A cease and desist letter (what’s one of those?editor…https://en.wikipedia.org/wiki/Cease_and_desist) may be a good starting point. There are lots of google results for templates if you search these terms but take care it is one for a UK based claim (not a US one – the law is different) and it’s not a panacea of all ills, and needs to be used sparingly.
BUT, I hear you cry, “Legal Fairy Godmother – where do I start with this stuff??”
A solution beckons. SGOL have created a template for styled shoots. Its not a contract. Its not even Heads of Terms – it’s designed to be written Rules of the Game – a simple template to use as an aid memoir to guide you through the questions you need to ask and the agreements you need to come to prior to a styled shoot to help reduce the risk for everyone involved..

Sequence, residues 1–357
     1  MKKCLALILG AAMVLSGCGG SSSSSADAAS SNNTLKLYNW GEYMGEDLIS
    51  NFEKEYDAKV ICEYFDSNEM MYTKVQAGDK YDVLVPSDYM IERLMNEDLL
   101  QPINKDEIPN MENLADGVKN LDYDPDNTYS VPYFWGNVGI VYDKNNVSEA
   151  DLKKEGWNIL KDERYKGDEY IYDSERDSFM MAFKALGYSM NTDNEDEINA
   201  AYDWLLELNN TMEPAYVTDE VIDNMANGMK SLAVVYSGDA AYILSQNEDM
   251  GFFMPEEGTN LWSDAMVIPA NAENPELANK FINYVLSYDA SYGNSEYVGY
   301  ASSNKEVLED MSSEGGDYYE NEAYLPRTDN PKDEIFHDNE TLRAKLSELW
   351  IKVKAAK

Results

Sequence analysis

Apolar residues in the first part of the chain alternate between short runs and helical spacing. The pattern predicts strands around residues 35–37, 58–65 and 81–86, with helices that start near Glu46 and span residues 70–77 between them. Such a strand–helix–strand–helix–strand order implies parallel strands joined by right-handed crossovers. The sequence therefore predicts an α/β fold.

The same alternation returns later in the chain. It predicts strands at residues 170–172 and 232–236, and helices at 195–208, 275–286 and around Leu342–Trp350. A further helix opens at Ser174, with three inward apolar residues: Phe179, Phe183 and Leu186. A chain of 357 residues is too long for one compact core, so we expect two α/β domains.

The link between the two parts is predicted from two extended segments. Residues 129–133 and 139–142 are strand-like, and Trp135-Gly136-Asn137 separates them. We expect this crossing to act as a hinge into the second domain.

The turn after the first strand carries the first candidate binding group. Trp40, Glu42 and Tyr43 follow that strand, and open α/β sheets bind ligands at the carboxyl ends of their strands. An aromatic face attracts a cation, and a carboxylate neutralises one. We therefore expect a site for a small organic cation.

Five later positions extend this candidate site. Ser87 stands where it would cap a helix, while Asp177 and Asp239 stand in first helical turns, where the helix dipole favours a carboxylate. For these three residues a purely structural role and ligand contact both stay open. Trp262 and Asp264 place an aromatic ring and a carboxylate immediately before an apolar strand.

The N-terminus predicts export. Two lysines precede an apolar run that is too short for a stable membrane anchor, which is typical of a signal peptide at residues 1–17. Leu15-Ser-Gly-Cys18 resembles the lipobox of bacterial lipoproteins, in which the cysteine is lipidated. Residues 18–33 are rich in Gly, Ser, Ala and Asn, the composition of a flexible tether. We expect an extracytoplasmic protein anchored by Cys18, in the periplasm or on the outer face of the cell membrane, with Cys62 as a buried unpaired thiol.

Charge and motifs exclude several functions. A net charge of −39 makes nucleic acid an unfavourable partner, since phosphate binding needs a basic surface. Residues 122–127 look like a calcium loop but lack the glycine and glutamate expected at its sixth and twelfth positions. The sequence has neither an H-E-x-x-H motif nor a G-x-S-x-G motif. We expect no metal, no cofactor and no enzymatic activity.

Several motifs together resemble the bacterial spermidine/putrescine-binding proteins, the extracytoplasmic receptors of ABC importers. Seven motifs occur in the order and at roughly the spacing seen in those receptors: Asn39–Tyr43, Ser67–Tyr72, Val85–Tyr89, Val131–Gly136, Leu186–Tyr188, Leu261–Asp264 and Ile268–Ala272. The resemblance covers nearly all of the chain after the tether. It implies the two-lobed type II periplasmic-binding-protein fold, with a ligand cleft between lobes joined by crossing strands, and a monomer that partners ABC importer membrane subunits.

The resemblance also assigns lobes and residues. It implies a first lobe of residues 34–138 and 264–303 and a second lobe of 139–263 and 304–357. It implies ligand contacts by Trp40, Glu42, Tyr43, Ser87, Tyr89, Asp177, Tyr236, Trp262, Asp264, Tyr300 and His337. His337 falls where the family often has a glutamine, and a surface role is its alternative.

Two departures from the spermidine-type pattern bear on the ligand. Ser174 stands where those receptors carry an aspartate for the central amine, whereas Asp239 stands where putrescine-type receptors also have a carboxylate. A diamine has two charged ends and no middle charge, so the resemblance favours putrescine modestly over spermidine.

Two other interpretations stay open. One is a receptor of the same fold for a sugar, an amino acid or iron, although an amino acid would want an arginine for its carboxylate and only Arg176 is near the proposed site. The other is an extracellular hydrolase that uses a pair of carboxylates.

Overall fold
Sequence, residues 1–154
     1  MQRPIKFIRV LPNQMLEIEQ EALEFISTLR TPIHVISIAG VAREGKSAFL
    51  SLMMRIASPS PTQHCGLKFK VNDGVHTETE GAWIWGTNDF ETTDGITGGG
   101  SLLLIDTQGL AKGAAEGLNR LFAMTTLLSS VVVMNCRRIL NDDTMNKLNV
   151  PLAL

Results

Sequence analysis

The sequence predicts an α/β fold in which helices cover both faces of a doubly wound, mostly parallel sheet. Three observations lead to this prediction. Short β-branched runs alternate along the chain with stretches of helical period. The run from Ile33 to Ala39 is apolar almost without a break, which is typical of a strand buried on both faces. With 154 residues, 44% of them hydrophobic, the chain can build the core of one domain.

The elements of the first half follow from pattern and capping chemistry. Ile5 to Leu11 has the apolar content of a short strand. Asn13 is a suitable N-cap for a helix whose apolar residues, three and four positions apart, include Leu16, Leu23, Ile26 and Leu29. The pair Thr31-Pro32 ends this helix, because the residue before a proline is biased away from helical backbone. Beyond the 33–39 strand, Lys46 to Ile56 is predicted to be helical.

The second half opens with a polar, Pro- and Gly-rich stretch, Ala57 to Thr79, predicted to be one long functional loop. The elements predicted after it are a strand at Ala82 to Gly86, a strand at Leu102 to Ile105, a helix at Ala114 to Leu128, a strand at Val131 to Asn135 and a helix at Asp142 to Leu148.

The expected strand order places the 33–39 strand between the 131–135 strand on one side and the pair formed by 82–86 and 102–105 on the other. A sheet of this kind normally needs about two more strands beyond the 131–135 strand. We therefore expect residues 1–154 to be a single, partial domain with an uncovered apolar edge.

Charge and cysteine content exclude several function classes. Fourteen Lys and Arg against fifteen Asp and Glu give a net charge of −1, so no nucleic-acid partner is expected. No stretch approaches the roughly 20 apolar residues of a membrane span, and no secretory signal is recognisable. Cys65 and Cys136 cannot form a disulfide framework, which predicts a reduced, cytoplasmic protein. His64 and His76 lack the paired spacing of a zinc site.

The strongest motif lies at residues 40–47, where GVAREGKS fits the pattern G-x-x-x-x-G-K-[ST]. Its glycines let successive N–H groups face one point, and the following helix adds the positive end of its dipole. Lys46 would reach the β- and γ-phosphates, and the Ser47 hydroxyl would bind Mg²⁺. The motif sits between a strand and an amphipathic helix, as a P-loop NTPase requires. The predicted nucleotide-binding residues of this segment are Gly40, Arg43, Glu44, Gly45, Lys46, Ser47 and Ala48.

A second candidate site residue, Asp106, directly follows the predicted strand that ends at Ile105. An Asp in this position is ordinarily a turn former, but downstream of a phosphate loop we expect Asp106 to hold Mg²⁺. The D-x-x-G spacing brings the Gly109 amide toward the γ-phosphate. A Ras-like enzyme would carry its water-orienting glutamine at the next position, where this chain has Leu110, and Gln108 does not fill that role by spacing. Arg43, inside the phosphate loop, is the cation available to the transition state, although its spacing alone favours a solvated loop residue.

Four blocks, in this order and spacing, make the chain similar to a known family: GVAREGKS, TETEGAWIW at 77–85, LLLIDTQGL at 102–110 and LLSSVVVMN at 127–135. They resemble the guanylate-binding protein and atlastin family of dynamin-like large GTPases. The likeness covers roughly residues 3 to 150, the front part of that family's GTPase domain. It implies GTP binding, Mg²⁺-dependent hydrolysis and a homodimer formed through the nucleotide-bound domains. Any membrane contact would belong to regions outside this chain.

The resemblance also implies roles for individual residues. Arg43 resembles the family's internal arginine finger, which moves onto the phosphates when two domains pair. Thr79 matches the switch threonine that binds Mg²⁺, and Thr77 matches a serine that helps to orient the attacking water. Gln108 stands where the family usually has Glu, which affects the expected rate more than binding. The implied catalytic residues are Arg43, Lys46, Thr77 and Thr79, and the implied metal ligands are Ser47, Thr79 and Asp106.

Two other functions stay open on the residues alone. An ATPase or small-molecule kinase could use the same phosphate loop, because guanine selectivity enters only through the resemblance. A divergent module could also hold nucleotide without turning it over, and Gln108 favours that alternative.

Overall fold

For the rest of February 2020 this is available as an exclusive offer to YLFG Facebook group members at a discounted price of £24.99 by emailing us at firstname.lastname@example.orgQUOTING ref YLFG and requesting your copy of the template. Non members can also get a copy, priced at £49.99. Email us for details.
It can be used multiple times by the same buyer but is subject to its own T and C’s which are sent on request.
If that sounds like something you could use – get in touch.
A new decade requires a new slogan. We’ve had the Nineties,
the Noughties, the Twenty Tens …
What are we to call this decade? The Twenty Twenties (worse
slogan ever: editor) the Roaring Twenties? (I think that may have been
done already: editor) Boring Twenties? (Let’s hope not: editor) Soaring
Twenties – (that’s more like it…..! )
So, to soar, you need to create more business, and more